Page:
Any amateur poets and baseball fans who want to take a stab at one, leave it in the comments. I'll send a copy of the book to the best one. (Wackipedia definition of a haiku here.)
Monday, March 12, 2007
Lil Jon Has Not Left The Building
I'm not sure if there's anything new here. A rapper enjoys some success, and quickly branches out into endorsements and product placement to maximize "auxiliary income". The massive deflation of what qualifies as famous, coupled with the expansion of blanket marketing in general, makes for ubiquitous semi-celebrities hawking everything from perfume to video games to ring tones (a $5 billion market).
Still, it seems like a leap to claim, as does Lil Jon the King of Crunk (wtf?), that, "Once you get popular, you have a brand... You have to market that brand." Not that there wouldn't be something ironic about contemporary rap artists actually becoming brands, given how much the music's early iconography owed to brand consciousness. I'm just not so sure how much that's actually happening.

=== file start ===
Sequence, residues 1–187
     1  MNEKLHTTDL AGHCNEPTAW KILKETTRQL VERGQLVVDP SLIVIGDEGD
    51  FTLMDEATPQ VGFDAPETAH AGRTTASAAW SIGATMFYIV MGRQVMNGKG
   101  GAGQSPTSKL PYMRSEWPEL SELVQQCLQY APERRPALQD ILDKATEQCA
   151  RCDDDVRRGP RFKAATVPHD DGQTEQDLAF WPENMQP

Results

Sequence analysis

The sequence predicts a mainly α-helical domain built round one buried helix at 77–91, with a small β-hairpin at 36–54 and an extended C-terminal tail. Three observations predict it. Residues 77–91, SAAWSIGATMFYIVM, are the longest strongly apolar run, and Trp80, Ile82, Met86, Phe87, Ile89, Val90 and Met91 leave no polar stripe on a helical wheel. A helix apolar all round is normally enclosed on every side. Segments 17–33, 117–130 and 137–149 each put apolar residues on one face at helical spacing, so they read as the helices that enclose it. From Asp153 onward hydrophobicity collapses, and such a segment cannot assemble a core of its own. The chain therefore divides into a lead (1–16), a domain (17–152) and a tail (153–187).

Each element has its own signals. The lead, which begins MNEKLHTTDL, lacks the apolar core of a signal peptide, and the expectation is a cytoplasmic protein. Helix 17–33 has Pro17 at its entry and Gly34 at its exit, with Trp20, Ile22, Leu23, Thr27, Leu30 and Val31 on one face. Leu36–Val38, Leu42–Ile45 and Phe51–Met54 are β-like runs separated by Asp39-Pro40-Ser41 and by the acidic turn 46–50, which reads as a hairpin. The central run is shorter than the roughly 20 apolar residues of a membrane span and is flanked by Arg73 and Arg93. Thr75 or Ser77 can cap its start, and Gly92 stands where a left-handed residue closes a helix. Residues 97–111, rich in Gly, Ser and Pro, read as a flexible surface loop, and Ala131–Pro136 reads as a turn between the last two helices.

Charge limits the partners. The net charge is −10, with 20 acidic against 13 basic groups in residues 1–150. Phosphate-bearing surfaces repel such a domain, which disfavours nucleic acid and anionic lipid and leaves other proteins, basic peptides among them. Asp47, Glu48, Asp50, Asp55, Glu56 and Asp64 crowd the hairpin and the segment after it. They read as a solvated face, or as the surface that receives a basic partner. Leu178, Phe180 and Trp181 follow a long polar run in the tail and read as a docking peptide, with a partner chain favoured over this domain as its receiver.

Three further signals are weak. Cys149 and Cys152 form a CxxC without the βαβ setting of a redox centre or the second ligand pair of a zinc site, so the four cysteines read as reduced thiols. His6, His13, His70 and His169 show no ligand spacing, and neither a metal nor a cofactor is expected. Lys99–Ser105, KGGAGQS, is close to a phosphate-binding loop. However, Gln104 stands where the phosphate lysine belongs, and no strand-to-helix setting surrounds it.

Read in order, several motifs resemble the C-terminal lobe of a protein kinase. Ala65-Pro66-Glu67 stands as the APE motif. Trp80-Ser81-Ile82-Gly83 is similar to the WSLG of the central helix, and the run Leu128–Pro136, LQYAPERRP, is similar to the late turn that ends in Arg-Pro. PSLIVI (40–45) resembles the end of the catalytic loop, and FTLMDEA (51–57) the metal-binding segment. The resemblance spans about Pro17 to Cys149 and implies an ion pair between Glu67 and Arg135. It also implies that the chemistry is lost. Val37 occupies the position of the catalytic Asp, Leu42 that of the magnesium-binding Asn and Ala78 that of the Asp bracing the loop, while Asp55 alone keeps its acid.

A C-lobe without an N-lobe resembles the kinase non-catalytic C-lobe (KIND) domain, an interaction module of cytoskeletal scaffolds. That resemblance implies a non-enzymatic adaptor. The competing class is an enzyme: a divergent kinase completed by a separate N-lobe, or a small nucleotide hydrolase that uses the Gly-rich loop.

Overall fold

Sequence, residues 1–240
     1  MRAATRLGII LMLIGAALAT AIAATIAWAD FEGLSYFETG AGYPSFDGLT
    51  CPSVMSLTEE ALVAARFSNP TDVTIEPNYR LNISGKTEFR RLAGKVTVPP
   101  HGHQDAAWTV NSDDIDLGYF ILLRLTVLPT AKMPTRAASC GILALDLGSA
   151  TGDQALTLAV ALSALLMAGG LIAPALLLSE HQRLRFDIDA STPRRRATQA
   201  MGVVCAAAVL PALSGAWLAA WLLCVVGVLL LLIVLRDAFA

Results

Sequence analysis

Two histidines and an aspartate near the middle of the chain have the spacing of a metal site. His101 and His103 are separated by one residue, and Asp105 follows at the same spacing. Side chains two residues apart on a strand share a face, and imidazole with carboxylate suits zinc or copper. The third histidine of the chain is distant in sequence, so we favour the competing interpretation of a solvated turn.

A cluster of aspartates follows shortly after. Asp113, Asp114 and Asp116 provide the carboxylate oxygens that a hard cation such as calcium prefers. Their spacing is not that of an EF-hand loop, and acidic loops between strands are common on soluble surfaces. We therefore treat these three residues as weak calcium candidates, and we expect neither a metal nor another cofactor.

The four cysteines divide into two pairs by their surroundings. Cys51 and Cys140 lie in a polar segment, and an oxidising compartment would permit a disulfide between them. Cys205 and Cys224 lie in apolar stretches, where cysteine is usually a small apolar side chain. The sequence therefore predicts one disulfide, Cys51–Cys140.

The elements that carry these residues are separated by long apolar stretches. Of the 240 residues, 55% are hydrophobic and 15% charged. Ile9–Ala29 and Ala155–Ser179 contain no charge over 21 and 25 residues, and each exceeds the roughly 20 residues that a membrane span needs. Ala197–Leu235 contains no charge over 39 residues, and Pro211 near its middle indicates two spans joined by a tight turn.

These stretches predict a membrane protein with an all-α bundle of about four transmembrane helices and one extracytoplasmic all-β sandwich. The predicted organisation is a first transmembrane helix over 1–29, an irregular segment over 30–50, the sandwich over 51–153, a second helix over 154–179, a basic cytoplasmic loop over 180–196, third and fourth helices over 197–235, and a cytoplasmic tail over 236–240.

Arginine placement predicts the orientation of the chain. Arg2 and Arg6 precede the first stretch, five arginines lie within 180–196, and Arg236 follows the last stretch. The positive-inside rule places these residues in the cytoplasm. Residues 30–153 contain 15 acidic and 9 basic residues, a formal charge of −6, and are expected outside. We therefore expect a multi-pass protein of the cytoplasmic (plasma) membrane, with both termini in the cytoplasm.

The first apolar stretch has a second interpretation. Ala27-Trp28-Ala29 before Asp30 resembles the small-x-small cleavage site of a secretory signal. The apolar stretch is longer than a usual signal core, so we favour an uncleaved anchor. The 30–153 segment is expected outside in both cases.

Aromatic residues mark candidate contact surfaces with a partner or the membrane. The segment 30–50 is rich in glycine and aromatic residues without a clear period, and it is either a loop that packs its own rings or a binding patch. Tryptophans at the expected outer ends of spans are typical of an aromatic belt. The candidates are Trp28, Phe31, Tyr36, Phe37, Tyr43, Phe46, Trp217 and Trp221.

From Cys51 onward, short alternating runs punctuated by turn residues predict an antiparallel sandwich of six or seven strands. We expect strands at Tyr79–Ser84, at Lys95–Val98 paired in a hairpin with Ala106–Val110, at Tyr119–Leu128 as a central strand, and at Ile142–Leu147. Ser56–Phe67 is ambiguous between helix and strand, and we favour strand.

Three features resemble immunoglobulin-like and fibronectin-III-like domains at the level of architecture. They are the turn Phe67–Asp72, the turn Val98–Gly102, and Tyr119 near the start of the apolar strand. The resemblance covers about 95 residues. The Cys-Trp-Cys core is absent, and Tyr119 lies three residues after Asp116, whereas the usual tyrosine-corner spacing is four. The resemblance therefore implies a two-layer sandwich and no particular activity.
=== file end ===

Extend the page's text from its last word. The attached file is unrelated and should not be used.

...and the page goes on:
Certainly in rap as in basketball, the balance of power has shifted between the star and the product manufacturer. Whereas before Adidas or Nike or Converse had a lineup of NBA stars who got a shoe designed and named after them, now certain players or rappers have a lineup of products that represent different facets of their salable image.
But the difference between a brand and a fad, or even a brand and a businessman, is kind of like the famous Potter Stewart definition of pornography: I know it when I see it. Shaq is a brand. 'Melo? Please. Sean Coombs? Arguable, but I'll give it to you. Jay-Z? Sorry.